So I didn't reach the problem until after the contest had ended, but I was I had.  There are a couple of insights that make this problem much easier to solve than the third problem.  First, you may notice that what we are making is a pyramid, one layer at a time.  Each layer of the pyramid (centered at 0,0) is completed before the next layer can begin, because we need the peak of the pyramid in place before a diamond can slide out to the next tier.

So how many diamonds are in a tier?  Well, we can inspect the sequence to find a pattern.




So if we sum all those layers together, we get...

Where D is the number of diamonds, and L is the layer of interest.  So given that that previous layer must be complete before we start our own layer, we can subtract away everything from the layer below our own, and are left with N-D diamonds.

Now I'd reform the question as follows... how many of the remaining diamonds would have to fall on the opposite side from ours for the layer not to complete up to our location?  Well, our location at height Y means that there would have to be at least Y diamonds falling on our side for us to get a diamond.  That means that if only Y-1 diamonds fell to our side, N-D-(Y-1) diamonds must fall to the other side.  If this number is greater than the other side can hold, then there is a 100% chance that our location will get a diamond.  If N-D < Y-1, then there is a 0% chance that our location will get a diamond.

A quick google search tells me...

 "
The general formula for the probability of w wins out of n trials, where the probability of each win is p, is combin(n,w) × pw × (1-p)(n-w) = [n!/(w! × (n-w)!] × pw × (1-p)(n-w)"  


Since the probability p = 0.5 (its equally likely to fall left or right), and we want to consider all cases from Y to N-D, we can reformulate as follows...

So we've arrived at a formula for calculating the probability.  I haven't checked my numbers, since I didn't actually reach this part in competition, but I'm fairly certain that it will work.  Another optimization in implementing this summation is to recognize that as w gets larger, the added probability gets smaller.  We probably can stop the search early if the probability of the last iteration times the remaining iterations is less than the threshold google checks for... In cases where N-D is quite large relative to Y, this can be very useful.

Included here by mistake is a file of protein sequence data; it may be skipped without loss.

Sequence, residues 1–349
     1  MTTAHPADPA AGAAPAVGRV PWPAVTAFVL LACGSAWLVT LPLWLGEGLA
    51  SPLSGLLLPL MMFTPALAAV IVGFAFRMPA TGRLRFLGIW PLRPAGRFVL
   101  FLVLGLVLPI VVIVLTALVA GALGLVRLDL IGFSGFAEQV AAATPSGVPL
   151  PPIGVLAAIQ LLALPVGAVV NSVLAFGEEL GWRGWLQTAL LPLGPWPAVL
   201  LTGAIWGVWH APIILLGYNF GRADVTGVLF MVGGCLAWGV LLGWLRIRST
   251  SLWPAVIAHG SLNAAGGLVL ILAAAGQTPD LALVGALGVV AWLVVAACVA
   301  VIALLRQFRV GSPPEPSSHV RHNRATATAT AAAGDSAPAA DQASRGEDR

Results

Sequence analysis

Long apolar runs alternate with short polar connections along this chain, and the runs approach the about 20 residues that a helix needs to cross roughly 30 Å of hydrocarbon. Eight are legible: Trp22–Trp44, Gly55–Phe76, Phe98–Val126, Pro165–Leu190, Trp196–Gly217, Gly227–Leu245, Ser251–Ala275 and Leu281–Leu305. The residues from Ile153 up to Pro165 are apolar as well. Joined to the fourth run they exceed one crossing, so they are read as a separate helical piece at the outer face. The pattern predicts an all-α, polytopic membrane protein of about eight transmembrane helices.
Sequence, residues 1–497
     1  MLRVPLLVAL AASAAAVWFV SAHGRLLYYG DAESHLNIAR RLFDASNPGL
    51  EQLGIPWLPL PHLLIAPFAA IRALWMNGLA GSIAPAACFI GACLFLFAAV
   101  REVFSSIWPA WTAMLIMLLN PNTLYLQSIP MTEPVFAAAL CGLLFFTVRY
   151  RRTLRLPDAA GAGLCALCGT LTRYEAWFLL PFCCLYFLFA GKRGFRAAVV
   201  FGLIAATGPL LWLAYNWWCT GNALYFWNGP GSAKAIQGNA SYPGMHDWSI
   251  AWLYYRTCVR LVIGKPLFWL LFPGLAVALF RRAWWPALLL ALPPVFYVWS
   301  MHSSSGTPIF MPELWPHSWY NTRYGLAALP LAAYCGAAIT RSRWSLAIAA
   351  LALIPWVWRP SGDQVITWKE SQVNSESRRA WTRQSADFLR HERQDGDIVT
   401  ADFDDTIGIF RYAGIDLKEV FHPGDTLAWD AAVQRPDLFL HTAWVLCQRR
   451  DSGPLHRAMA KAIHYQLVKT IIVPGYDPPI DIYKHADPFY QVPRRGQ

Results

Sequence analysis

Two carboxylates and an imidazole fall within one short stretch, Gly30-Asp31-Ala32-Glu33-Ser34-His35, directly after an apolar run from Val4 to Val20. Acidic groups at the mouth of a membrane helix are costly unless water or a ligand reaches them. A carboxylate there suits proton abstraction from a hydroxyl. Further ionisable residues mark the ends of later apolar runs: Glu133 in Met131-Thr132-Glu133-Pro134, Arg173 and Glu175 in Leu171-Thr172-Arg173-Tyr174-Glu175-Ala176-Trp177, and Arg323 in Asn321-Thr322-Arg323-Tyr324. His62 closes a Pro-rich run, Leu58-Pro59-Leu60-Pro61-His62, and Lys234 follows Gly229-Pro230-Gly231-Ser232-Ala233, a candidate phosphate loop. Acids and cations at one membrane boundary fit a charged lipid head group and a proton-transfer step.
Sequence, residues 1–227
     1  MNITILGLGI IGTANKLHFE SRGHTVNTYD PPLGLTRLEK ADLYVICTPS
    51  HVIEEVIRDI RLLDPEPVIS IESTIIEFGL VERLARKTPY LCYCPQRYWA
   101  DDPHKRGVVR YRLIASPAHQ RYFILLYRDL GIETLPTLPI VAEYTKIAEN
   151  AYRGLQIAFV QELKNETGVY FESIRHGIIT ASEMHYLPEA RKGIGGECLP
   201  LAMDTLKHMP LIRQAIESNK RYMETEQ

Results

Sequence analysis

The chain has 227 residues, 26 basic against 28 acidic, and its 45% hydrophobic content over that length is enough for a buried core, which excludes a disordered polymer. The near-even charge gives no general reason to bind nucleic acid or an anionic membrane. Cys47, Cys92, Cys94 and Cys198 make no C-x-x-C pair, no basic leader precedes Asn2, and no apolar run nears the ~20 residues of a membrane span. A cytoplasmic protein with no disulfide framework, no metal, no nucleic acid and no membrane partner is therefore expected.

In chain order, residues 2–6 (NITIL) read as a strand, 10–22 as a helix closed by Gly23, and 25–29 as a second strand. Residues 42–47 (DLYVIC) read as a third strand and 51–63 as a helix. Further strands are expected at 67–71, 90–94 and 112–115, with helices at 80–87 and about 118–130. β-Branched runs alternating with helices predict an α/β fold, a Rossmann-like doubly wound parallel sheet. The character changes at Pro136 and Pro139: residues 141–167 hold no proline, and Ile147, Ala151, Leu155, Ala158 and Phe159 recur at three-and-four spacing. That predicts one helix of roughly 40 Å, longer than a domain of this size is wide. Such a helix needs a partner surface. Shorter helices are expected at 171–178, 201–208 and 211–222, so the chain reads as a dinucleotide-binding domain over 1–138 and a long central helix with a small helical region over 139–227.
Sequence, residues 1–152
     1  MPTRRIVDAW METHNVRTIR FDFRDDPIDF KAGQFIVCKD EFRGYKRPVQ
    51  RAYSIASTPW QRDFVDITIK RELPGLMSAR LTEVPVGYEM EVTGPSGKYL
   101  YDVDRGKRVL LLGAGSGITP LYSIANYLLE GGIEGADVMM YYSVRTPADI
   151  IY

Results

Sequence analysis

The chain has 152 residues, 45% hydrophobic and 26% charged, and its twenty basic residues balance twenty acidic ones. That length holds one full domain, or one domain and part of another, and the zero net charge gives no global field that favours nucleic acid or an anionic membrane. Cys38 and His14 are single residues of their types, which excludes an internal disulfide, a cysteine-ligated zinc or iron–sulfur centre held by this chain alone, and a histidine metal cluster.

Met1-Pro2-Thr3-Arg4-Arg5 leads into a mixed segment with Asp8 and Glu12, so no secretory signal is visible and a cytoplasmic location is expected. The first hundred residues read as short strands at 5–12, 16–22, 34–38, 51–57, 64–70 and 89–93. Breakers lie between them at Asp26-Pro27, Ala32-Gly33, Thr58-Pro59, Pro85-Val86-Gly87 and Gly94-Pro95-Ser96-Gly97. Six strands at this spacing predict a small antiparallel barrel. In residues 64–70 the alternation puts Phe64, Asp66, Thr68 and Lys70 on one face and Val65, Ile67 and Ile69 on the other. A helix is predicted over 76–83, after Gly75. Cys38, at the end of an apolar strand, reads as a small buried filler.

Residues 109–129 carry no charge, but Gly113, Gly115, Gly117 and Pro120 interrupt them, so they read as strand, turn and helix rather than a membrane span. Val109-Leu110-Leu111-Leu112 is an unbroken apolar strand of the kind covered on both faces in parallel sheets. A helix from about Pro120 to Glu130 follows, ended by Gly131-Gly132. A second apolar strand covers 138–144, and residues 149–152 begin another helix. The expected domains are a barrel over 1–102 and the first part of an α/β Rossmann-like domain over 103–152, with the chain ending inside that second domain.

Problem Garbled Email:

Gagan just got an email from her friend Jorge. The email contains important information, but unfortunately it was corrupted when it was sent: all of the spaces are missing, and after the removal of the spaces, some of the letters have been changed to other letters! All Gagan has now is a string S of lower-case characters.

You know that the email was originally made out of words from the dictionary described below. You also know the letters were changed after the spaces were removed, and that the difference between the indices of any two letter changes is not less than 5. So for example, the string "code jam" could have become "codejam", "dodejbm", "zodejan" or "cidejab", but not "kodezam" (because the distance between the indices of the "k" change and the "z" change is only 4).

What is the minimum number of letters that could have been changed?

My Solution:

This was the problem I actually attempted... and while I produced valid results for the small example test cases, it was far too slow to actually finish even the small dataset.  Funny, I work at an email company, and have a coworker named Jorge... I couldn't resist trying this problem instead of the second.  I'll present my ideas here, but would be interested in seeing what the correct approach is to this problem from someone else.  It reminded me of a problem I'd done on my blog a few months ago... a Morse Decoder... so I felt like I could reuse some of those ideas.  The wildcard matching needed seemed to make this problem much harder... so I went about setting up the dictionary in a tree, where each node of the tree contains a dictionary mapping the next character to the list of possible nodes, as well as a list of all sub nodes.  When inserting the dictionary into this tree, I broke it up into N trees, where each tree was of words of length n.  The tree class then had a function for returning the distance between itself and a given substring from the test case... that code looked like this:



Here, scoreSoFar is initialized to 0, and bestSoFar would be the length of the word (where we would have to change all letters to match something in the dictionary).  Then this code was used in a recursive search, where we'd map out all possible first word fits in the test case, and recursively search the remaining part, keeping the minimum score of that.  I tried caching as I went for reuse, but that didn't really help. This was just way too slow.  Interested in feedback on successful solutions.


So those are my thoughts on Round 1B of the code jam.  Last chance for me is 1C... if I can stay awake that late.